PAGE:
My grandson Stefan was about 8 years old when he began to get migraine headaches. As soon as he could after getting home from school, he would lie down and go to sleep, awakening an hour or two later, usually with the headache gone. But before the pain abated, he sometimes vomited, prompting him and his relatives to keep barf bags handy at all times.

Then as Stefan approached puberty, these debilitating headaches stopped as mysteriously as they had begun.

Though Stefan’s headaches were disruptive and disabling, he was luckier than his grandma. My migraine attacks (misdiagnosed as sinus headaches) began around puberty, usually occurred three times a month, each lasting for three days, and didn’t end until menopause. Even though sleep can often terminate a migraine attack, nothing I tried brought relief, and there were no prescription medications at the time to treat or prevent them.

Attention parents, teachers, coaches, doctors and anyone else who interacts with children and teens: Too often, adults tell them to “suck it up, it’s just a headache.” A migraine is not “just a headache,” nor is it something they can ignore. A migraine makes you feel sick all over, often acutely sensitive to light and noise, nauseated and unable to concentrate on anything but the desire for relief. Very young children with migraine may be spared the head pain and instead get only gastrointestinal symptoms like vomiting and stomach pain.

Migraine is a disease with a genetic component and often runs in families. The pounding, nauseating headache is a symptom of that disease. Before puberty, the disorder affects boys and girls equally, but after puberty, when testosterone kicks in to suppress migraine attacks in boys, the incidence among girls becomes very much higher.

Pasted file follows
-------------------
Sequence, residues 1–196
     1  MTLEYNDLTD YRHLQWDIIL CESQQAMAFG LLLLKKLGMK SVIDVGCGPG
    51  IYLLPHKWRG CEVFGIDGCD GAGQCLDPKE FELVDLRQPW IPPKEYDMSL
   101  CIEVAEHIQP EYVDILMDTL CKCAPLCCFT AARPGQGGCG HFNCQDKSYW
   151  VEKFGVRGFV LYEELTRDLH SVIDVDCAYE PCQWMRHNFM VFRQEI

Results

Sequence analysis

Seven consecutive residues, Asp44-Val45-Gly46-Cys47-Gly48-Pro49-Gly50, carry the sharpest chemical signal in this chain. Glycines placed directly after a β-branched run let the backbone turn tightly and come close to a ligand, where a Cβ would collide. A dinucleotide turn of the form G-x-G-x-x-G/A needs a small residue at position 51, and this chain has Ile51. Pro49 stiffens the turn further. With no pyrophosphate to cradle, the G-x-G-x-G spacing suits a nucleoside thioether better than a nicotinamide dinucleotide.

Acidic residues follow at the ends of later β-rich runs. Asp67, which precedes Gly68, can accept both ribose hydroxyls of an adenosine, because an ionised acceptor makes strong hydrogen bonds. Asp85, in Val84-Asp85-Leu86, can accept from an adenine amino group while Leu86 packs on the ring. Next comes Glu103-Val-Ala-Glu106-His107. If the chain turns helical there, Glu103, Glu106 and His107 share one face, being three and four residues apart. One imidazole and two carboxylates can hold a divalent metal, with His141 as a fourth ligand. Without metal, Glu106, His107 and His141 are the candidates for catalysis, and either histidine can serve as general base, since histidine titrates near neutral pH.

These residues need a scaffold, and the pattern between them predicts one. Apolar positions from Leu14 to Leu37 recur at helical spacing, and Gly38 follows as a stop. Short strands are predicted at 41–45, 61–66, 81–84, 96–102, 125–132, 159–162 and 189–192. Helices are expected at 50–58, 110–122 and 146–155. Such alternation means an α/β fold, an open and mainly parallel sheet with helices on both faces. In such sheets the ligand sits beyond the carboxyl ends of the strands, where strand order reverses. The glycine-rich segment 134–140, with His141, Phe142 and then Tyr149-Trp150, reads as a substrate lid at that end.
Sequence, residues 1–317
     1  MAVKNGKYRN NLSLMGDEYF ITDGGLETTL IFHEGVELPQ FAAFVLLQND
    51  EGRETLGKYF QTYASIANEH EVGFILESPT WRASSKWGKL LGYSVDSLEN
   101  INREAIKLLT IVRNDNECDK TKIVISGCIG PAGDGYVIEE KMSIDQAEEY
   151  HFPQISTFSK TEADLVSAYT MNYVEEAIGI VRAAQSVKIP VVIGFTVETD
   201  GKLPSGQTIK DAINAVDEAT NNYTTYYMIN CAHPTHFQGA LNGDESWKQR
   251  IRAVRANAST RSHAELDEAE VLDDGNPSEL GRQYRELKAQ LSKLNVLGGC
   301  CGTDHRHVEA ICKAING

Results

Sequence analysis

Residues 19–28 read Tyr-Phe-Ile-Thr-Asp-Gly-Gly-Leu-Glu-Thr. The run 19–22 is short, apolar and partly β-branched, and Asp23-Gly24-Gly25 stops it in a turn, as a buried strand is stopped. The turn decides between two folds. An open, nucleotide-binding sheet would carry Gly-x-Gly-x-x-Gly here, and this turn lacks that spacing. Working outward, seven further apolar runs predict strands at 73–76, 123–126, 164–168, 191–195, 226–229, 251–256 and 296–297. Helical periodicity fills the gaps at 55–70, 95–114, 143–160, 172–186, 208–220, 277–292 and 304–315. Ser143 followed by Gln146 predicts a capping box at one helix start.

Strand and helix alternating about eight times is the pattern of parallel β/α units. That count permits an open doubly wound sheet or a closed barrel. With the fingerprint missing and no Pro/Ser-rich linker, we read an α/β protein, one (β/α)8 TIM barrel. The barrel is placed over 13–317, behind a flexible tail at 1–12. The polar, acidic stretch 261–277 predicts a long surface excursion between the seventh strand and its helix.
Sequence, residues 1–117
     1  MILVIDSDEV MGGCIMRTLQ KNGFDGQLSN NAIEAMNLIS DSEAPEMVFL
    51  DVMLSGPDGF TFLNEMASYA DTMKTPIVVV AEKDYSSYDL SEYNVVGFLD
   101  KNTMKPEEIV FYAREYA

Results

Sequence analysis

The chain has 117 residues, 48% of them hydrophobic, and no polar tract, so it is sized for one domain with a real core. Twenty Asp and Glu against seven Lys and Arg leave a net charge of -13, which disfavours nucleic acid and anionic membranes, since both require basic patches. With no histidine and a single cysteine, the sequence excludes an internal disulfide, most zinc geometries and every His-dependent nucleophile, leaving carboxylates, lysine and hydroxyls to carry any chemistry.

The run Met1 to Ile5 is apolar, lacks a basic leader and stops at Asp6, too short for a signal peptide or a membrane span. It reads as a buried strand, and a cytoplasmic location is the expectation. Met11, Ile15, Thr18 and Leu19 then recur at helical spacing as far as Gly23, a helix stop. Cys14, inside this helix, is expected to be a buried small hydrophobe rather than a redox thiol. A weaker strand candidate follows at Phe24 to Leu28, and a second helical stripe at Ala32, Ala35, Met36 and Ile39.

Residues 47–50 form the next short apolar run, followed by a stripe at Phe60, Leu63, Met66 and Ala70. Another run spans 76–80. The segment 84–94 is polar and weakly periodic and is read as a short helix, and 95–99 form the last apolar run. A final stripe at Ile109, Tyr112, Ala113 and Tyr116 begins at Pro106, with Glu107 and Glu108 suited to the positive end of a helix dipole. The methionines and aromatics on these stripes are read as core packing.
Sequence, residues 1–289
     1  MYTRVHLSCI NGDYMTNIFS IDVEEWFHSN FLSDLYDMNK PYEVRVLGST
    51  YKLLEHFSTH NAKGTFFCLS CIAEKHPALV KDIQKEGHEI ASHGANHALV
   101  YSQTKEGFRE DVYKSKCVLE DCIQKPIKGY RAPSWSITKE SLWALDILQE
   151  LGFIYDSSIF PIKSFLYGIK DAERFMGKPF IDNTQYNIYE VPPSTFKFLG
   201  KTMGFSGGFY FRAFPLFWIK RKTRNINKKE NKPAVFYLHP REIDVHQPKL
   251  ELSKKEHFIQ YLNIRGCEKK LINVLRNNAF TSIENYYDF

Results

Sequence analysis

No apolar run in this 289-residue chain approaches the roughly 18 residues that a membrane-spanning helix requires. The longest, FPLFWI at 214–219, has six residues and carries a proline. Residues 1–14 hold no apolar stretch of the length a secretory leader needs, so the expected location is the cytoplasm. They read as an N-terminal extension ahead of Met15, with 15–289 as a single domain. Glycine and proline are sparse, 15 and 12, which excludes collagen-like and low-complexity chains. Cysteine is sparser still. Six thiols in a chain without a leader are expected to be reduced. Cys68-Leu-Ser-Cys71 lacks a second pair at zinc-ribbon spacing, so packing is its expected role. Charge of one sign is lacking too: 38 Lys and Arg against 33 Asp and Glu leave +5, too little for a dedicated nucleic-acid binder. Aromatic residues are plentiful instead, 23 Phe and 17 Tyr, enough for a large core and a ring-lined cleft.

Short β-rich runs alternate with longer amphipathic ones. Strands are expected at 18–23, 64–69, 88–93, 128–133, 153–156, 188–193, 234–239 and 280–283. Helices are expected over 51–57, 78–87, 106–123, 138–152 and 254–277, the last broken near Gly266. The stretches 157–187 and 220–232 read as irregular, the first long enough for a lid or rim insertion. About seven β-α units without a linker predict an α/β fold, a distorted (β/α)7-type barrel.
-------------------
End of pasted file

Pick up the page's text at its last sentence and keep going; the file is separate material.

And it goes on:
Happily, for the more than six million children who suffer frequently from migraine headaches, the prospects for relief are now very much better than when I was a teen and premenopausal adult. In August, the American Academy of Neurology and the American Headache Society issued new guidelines for therapies for children and adolescents that can both reduce, if not eliminate, attacks of migraine and greatly shorten their duration.

Since 2004, when the organizations published the first set of guidelines, “a lot more studies have been done of acute and preventive therapies that have been approved for children and adolescents by the Food and Drug Administration,” said Dr. Andrew Hershey, professor of pediatrics and neurology and director of the Headache Center at Cincinnati Children’s Hospital Medical Center.

For youngsters with chronic migraine who have headaches for about 15 or more days a month, there is now at least one effective preventive: a combination of cognitive behavioral therapy and an antidepressant called amitriptyline (Elavil), Dr. Hershey said. Treatment options for an acute headache run the gamut from an over-the-counter NSAID (nonsteroidal anti-inflammatory drug like ibuprofen) to a prescribed triptan like Imitrex, Maxalt or Zomig that are safe and effective for young sufferers, he said.

Interestingly, with respect to preventives, the main randomized study of 361 young patients, called CHAMP, found that a reduction of 50 percent or more in the number of headache days occurred in both groups taking either the drug amitriptyline or topiramate (Topamax, an anti-seizure drug), as well as those in the placebo group, and the active drugs caused more side effects.